The transformation of legal contracts into technology-boosted “dynamic modular agreements” has caught the attention of a major investor, which has ploughed $5m (£3.8m) into lawtech start-up Juro.
A start-up aiming to give home buyers access to all the information on their move via an app is set to launch a pilot with several leading software providers – and through them law firms.
The UK legal arm of big four accountant Deloitte has become the latest law firm to launch a tech lab to incubate lawtech start-ups.
Tech is a key element of growth in UK legal services, while investment deriving from market liberalisation and alternative providers increasingly linking up with law firms has strengthened the sector.
Global law firm giant Reed Smith has launched a product that automates the legal bit of online competitions, with lawyers or non-legal consumers able to generate t&cs in multiple languages in compliance with local laws.
Law firms are “way ahead” of in-house lawyers in adoption of legal tech and the latter need to “grasp the nettle”, the chief executive of a start-up which helps corporate counsel manage their workload has argued.
Lawyers’ devotion to billable hour has stopped truly disruptive technology from changing the way legal services are delivered to the public, last week’s Legal Futures Innovation Conference was told.
Arbitration and online dispute resolution should be used when there are disputes about smart contracts, the Chancellor of the High Court has said.
The head of the Criminal Bar Association has outlined her “grave concerns” about algorithmic technology that is being used in the justice system without adequate regulation.
Blockchain and smart contracts were given a major boost yesterday, when the expert panel charged with giving the technology legal certainty declared they should be treated in principal as property.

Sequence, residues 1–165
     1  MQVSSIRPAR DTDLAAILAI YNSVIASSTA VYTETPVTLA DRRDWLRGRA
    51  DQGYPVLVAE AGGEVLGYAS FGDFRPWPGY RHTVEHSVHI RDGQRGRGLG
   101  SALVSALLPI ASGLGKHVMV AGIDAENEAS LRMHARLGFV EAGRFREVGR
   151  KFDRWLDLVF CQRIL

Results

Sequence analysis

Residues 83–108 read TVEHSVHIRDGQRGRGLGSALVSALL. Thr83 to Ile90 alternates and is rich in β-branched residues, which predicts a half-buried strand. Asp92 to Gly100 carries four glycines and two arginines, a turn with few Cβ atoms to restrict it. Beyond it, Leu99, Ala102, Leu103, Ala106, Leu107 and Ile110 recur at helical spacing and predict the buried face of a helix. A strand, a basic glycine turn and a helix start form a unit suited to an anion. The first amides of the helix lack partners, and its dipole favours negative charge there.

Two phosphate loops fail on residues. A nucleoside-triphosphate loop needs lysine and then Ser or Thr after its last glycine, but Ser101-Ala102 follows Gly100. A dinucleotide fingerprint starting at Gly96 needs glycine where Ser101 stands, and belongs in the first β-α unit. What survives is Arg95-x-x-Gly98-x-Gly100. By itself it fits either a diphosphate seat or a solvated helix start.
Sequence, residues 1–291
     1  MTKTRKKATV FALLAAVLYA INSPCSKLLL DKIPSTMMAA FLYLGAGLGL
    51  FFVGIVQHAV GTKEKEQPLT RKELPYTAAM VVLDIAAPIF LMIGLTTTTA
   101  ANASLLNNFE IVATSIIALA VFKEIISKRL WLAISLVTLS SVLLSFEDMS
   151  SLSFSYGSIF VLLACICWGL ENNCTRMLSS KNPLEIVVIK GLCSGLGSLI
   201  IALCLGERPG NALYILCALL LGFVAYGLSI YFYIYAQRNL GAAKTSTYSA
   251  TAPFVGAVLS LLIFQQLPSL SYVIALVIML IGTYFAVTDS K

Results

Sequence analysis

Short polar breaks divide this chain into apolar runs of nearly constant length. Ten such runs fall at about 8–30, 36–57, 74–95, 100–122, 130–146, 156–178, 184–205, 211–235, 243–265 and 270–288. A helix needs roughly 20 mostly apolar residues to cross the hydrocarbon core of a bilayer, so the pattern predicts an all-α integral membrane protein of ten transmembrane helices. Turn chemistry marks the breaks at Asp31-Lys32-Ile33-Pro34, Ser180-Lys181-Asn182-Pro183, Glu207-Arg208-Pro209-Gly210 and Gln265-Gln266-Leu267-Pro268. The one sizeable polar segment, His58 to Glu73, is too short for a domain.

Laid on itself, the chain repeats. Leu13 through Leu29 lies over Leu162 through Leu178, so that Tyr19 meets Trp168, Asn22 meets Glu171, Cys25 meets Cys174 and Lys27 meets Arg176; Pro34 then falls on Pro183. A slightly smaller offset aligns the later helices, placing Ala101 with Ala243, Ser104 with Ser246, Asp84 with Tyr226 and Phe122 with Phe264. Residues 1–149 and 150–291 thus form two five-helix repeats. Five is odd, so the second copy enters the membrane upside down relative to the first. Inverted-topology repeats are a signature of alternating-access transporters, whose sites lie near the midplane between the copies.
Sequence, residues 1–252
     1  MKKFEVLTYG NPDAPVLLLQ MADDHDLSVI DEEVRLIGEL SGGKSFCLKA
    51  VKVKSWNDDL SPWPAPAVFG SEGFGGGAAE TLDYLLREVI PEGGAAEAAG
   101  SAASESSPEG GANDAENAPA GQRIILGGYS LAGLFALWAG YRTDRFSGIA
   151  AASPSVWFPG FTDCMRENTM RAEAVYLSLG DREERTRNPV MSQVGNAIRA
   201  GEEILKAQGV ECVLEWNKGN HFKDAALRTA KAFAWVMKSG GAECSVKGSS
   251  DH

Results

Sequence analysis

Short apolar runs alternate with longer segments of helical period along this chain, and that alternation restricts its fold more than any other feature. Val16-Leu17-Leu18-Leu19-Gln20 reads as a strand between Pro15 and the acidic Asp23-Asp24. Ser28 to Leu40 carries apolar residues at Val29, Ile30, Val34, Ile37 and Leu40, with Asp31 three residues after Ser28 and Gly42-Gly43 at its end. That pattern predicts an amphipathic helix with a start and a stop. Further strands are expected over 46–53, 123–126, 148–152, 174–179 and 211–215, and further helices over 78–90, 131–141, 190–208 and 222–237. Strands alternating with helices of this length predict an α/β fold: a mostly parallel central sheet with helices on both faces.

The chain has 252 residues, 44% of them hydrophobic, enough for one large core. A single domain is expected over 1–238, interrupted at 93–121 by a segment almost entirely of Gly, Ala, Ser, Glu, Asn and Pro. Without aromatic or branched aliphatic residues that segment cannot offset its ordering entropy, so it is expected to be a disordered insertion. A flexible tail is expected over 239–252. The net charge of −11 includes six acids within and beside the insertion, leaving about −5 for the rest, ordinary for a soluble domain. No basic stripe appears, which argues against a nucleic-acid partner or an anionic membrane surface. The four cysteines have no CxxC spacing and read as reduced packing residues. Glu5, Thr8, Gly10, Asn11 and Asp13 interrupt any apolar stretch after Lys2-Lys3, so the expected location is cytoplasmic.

A Supreme Court justice has called for the creation of an expert commission to act as “a sort of independent regulator” of algorithms, staffed by coding technicians, with lawyers and ethicists.
The Chancellor of the High Court has urged commercial lawyers to prepare for the disruptive impact of technology on the law, the legal system and legal profession before others “steal a march” on them.
Professor Richard Susskind has called for the development of a “standard, adaptable, global platform for online courts” that can be rolled out to fortify access to justice around the world.
The vast majority of major law firms still have significant unaddressed cyber-risk, despite repeated urging by regulators, insurers and others to shore up their defences, according to new research.
A niche alternative business structure working with companies that build the global infrastructure of technology has used it to take on external funding and non-lawyers who can help the business grow.
Nearly half (48%) of the top 150 law firms have reported data breaches since the GDPR came into force in May 2018. And, of those breaches, 41% were a result of emailing the wrong person.